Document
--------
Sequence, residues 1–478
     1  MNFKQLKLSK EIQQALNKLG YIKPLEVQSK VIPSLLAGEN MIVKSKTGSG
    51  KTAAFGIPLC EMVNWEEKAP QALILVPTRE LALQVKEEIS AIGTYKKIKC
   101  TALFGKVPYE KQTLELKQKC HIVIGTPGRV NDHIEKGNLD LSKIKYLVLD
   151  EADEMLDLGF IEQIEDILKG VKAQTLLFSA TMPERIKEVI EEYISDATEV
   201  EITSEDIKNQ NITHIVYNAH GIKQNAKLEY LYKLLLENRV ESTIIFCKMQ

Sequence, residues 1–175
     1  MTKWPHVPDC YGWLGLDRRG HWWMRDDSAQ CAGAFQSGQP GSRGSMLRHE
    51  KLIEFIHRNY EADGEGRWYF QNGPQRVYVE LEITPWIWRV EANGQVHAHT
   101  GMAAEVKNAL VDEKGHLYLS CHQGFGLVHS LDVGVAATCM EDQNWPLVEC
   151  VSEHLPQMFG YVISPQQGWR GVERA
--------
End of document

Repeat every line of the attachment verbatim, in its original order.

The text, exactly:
Sequence, residues 1–478
     1  MNFKQLKLSK EIQQALNKLG YIKPLEVQSK VIPSLLAGEN MIVKSKTGSG
    51  KTAAFGIPLC EMVNWEEKAP QALILVPTRE LALQVKEEIS AIGTYKKIKC
   101  TALFGKVPYE KQTLELKQKC HIVIGTPGRV NDHIEKGNLD LSKIKYLVLD
   151  EADEMLDLGF IEQIEDILKG VKAQTLLFSA TMPERIKEVI EEYISDATEV
   201  EITSEDIKNQ NITHIVYNAH GIKQNAKLEY LYKLLLENRV ESTIIFCKMQ

Sequence, residues 1–175
     1  MTKWPHVPDC YGWLGLDRRG HWWMRDDSAQ CAGAFQSGQP GSRGSMLRHE
    51  KLIEFIHRNY EADGEGRWYF QNGPQRVYVE LEITPWIWRV EANGQVHAHT
   101  GMAAEVKNAL VDEKGHLYLS CHQGFGLVHS LDVGVAATCM EDQNWPLVEC
   151  VSEHLPQMFG YVISPQQGWR GVERA